4) Degradation in lymph

Much of the CK and CK-MB that is released when myocytes are injured is degraded in lymph.7 This is one of the reasons why the so-called release ratio (see above) is so low.

Accordingly, a lymphocytic infiltrate associated with myocarditis might still further degrade CK-MB, further reducing its sensitivity.

The situation with troponin markers is substantially different for multiple reasons. 1) Troponin markers are more sensitive than CK-MB4

In comparative studies with troponin measurements, it is clear that the sensitivity for detection of an abnormality and the increment of change in response to a given injury are far less for CK-MB than for the troponin markers.4'8 Some of this may be because there are constitutive levels of CK-MB in blood that are presumably from skeletal muscle that must be overcome before an abnormality can be detected. However, the cytosolic pool of CK-MB and the early releasable pool (mostly localized to the cytosol) of troponin are roughly comparable in magnitude.8'9 The remainder of the troponin is complexed to the contractile apparatus. Overall, there is 13-fold more cardiac troponin I (cTnl)8 and 15-fold more cardiac troponin T (cTnT) than CK-MB per gram of myocardium.9 Furthermore, the release ratio appears to be high, appro aching 100%.10 Thus, not only are more instances of cardiac injury detected with troponin measurements but the increment of change in them is substantially greater.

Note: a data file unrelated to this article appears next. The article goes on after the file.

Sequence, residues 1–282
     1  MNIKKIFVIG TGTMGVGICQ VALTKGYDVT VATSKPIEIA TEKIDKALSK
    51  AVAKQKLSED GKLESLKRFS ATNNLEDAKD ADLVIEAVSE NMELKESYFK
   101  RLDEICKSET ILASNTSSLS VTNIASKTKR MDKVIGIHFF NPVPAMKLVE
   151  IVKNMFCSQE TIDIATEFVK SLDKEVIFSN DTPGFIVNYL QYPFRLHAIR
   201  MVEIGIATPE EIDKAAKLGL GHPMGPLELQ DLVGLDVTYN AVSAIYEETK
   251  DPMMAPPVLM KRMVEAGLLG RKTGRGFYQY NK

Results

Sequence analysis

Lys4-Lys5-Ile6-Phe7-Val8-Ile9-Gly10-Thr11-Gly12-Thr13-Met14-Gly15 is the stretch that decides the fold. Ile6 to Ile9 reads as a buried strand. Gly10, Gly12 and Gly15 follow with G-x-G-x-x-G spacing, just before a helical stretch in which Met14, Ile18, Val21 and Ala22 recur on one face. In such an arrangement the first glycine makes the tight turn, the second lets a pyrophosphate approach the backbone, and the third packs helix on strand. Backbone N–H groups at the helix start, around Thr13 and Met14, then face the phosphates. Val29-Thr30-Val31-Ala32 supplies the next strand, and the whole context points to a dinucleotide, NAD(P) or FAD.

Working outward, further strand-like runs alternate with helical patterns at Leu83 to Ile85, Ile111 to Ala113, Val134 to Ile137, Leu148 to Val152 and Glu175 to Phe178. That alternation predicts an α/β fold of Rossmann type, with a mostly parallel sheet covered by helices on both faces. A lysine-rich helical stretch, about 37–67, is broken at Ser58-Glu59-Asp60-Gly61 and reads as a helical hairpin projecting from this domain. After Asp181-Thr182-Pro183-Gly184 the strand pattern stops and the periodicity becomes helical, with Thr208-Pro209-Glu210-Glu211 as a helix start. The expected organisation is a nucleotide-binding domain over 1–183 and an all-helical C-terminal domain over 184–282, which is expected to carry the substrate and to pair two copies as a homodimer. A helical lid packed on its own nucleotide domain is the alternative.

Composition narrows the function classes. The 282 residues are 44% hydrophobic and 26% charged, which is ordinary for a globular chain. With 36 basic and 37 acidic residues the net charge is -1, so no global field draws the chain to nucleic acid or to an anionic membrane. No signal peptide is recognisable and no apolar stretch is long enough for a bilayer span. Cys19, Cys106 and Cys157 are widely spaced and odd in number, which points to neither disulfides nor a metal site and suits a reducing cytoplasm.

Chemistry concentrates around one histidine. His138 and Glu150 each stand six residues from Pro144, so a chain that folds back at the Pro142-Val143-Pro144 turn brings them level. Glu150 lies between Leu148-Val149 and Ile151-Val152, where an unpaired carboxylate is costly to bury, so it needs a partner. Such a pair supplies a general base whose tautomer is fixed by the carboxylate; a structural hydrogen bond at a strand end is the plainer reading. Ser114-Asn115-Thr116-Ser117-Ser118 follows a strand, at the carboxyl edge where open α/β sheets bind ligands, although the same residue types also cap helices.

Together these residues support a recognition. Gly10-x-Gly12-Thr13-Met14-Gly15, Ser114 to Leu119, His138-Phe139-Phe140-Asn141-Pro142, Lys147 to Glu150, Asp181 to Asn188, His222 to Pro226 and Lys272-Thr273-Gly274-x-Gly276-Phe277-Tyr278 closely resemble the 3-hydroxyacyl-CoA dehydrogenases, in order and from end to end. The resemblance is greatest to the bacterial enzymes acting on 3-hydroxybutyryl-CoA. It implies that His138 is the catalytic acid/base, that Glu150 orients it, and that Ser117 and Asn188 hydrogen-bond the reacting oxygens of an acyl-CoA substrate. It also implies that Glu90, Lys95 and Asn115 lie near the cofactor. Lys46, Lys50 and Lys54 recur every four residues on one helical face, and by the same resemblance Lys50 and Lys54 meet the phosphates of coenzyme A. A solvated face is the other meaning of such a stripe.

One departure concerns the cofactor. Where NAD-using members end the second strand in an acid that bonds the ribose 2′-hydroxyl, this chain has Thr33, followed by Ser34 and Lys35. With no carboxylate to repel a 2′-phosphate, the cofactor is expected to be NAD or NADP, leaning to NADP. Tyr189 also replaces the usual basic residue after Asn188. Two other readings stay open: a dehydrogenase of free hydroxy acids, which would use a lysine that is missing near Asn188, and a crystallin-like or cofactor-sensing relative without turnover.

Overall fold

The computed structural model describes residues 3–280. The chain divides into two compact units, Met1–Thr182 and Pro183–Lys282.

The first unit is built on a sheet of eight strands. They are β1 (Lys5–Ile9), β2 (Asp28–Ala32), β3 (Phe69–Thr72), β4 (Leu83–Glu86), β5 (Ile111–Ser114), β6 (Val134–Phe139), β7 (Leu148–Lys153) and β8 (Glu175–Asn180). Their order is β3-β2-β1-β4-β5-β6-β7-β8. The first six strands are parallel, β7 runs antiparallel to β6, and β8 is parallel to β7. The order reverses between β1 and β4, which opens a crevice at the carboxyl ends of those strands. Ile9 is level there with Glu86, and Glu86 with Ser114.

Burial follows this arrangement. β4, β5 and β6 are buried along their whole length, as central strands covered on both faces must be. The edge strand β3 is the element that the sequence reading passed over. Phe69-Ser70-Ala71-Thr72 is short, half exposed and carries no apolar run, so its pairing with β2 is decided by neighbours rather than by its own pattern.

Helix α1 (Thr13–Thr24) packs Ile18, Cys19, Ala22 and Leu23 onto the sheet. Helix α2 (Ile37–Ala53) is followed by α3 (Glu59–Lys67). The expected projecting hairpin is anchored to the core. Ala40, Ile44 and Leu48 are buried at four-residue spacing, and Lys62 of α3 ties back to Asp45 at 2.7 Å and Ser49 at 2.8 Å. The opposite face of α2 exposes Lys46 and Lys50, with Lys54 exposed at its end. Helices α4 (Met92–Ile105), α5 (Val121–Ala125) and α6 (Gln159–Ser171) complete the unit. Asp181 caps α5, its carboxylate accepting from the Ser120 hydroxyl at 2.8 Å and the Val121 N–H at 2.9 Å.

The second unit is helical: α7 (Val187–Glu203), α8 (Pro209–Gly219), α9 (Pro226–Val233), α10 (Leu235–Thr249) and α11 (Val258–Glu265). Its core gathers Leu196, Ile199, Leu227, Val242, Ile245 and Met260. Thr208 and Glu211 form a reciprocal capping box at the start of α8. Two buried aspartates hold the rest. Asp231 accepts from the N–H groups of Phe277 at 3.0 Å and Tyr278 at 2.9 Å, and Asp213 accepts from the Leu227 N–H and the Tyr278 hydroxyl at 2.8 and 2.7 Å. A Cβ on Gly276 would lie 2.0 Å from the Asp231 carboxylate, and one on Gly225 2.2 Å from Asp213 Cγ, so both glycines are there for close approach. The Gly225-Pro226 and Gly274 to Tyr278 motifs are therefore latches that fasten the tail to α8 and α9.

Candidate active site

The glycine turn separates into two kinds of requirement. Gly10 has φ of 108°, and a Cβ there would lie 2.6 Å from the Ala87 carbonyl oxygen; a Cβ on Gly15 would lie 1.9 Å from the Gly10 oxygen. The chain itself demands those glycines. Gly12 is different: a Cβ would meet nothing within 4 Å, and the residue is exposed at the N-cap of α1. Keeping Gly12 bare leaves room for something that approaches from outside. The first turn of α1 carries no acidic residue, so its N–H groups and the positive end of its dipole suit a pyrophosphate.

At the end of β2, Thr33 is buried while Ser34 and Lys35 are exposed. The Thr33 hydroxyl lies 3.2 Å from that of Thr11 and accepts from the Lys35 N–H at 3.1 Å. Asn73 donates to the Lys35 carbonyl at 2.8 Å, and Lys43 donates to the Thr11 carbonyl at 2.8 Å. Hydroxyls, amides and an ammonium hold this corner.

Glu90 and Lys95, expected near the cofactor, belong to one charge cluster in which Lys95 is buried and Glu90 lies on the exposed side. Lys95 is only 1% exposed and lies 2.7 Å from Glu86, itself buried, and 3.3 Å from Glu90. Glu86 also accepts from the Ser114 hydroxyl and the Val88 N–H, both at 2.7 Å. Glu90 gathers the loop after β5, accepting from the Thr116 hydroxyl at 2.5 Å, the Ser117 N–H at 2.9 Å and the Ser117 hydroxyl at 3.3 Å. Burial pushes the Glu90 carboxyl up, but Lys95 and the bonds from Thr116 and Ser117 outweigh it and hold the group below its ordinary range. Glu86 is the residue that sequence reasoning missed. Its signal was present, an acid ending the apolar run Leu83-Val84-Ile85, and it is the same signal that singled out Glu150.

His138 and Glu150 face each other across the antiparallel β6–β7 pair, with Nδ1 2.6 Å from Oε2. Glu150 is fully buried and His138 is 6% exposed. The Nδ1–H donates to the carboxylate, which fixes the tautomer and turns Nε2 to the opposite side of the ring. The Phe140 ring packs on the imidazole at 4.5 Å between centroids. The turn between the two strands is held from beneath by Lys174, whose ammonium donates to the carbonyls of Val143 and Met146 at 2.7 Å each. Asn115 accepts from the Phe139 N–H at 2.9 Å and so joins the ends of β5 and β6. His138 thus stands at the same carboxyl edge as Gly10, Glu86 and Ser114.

2) The time during which troponin values are increased is substantially greater

Troponin markers frequently are increased for 10 to 14 days, depending on the specific circumstance of the cardiac injury and the assay used.5 This is because in addition to having an early releasable pool comparable in size to the pool for CK-MB, these markers are complexed in large abundance to the contractile apparatus.8,9 Thus, they are released early (4-6 hours) in a time course similar to that of CK-MB but also continue to be released over time from this huge complexed pool of protein as the damaged area is remodeled. Thus, the time during which cardiac injury can be detected is substantially prolonged. This allows the troponin measurements to be used similarly to lactate dehydrogenase isoenzymes for the retrospective diagnosis of acute myocardial infarction and prolongs the time during which increases can be detected.5